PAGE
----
Kevin Ressler is executive director at Meals on Wheels of Lancaster, Pennsylvania, and co-founder of the Lancaster Action Now Coalition. He attends Community Mennonite Church […]
Joanne Gallardo is pastor of faith formation at Berkey Avenue Mennonite Church, Goshen, Indiana.
The Lenten season is fast approaching. In fact, Feb. 14, of all days, is Ash Wednesday. The imposition of ashes is how many traditions choose to mark this occasion. By having the ashes smudged in the sign of the cross on our forehead or hand, we are reminded of our mortality, as we indeed return to dust when all is said and done. I would encourage you to attend an Ash Wednesday service this year. Your church may already have a one planned; if not, an area church is likely participating. As you receive the imposition of ashes, remember not only your mortality, but that you were created from this very dust with a loving Hand.
2. Mardi Gras
In many of these same traditions that observe Ash Wednesday, Mardi Gras, or Fat Tuesday, is also observed. I grew up with fastnachts being served on this day, which are deep fried, sugar coated doughnuts. In the stores of my childhood, pazckis were sold by the dozen around this time of year. Other traditions have their own version of sweet, baked goodness. For a good fasnacht recipe to try this next week, click here.
3. Aziz Ansari
A few weeks ago, news of the actor-comedian broke out, and for many, this shook the very core of the #metoo movement. A woman accused Ansari of sexual assault. The details of what transpired between herself and the actor were made public. This caused a lot of scrutiny, much of it geared toward women who make claims of sexual assault. Many people sought to draw a line in the sand as to what “counts” as assault and what doesn’t. Personally, I was rather conflicted in my feelings, somehow feeling the need to be rid of any “gray area” regarding this issue. As usual, Lindy West wrote an excellent article for the New York Times outlining the timeline of cultural shifts in regards to assault.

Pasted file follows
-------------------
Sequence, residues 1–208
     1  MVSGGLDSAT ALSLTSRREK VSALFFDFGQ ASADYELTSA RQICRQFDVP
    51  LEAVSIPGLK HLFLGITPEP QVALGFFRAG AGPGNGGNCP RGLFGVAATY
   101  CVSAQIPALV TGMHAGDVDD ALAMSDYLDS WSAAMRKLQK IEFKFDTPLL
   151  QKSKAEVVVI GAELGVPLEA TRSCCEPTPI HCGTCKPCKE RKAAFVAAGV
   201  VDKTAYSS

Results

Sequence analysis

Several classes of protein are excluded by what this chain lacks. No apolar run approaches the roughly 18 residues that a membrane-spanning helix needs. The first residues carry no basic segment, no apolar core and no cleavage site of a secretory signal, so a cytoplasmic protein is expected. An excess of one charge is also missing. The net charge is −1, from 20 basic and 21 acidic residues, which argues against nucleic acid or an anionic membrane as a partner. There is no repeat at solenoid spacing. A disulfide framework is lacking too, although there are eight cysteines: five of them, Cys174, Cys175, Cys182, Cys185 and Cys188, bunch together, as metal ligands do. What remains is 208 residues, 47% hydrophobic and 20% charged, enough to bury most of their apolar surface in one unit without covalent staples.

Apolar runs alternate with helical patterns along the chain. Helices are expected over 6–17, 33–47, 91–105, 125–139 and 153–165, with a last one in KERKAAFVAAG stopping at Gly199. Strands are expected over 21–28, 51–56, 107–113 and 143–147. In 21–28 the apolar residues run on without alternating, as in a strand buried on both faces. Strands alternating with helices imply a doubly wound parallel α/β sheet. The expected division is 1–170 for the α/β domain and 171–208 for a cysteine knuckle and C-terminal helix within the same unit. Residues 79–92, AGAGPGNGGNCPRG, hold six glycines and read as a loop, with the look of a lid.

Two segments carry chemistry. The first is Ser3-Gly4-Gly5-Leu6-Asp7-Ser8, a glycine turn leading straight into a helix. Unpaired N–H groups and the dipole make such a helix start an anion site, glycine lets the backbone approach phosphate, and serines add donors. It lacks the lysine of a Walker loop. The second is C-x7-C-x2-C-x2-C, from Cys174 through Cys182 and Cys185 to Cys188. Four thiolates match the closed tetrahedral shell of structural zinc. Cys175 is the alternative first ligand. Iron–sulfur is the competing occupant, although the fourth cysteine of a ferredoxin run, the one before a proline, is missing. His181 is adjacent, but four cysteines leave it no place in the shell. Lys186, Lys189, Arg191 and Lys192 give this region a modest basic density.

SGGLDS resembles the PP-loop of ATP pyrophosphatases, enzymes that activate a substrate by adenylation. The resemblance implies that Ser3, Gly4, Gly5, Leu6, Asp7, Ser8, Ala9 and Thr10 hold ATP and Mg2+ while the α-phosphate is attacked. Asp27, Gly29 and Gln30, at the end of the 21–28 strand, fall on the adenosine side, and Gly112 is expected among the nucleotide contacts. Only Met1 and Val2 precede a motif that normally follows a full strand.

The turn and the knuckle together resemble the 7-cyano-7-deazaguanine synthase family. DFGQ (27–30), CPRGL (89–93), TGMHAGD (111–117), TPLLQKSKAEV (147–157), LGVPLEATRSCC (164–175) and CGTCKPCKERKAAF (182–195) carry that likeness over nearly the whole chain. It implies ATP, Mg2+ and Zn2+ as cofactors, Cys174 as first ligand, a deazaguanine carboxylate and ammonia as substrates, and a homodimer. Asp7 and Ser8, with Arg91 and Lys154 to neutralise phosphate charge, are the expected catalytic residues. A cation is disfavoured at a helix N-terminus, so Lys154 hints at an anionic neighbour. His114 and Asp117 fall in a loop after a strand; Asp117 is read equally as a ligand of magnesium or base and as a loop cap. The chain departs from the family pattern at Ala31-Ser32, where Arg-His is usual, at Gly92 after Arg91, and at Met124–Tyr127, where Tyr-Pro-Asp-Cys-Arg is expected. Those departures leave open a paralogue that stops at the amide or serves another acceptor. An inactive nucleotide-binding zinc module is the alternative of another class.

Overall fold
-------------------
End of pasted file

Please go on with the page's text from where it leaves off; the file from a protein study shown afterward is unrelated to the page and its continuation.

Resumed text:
4. The Good Place
It’s rare I find a funny show I enjoy watching. I’m usually drawn to the most intense, dramatic tale Hollywood has to offer. I was delighted to be introduced to “The Good Place” staring Kristen Bell and Ted Danson. Bell stars as Eleanor Shellstrop, a woman who has died and landed in “The Good Place.” However, it becomes evident that someone clearly has her mistaken for someone else, someone who actually lived a virtuous, not hedonistic, life. Hilarity ensues when the equilibrium is upset in The Good Place, and the architect of her “neighborhood,” Ted Danson, sets out on a mission to find what has gone wrong and who landed there by mistake. Including the philosophies from the likes of Kant and Aristotle, this show is as brainy as it is funny.
Prayer can take many forms. For me, a lot of times it’s in the form of music. The artist Kesha released an album in August 2017 that I’m just now discovering entitled “Rainbow.” In her song “Praying,” Kesha grapples with the concepts of anger, forgiveness, depression, faith, and hope. The angst that drives the song comes from her personal struggles with an eating disorder and abuse at the hands of her former producer. The hope in this song comes from her wanting her abuser to come to a metanoia experience of having done wrong by another person. Whether or not this happens, Kesha can still be found in the video climbing over obstacles to get to a cross where the words “God is love” are written. To listen to this beautiful piece, click here.
To promote constructive dialogue, the editors of The Mennonite moderate all comments and comments don't appear until approved. Anonymous comments are not accepted. Writers must sign posts or log into Disqus with their first and last name. Read our full comment policy.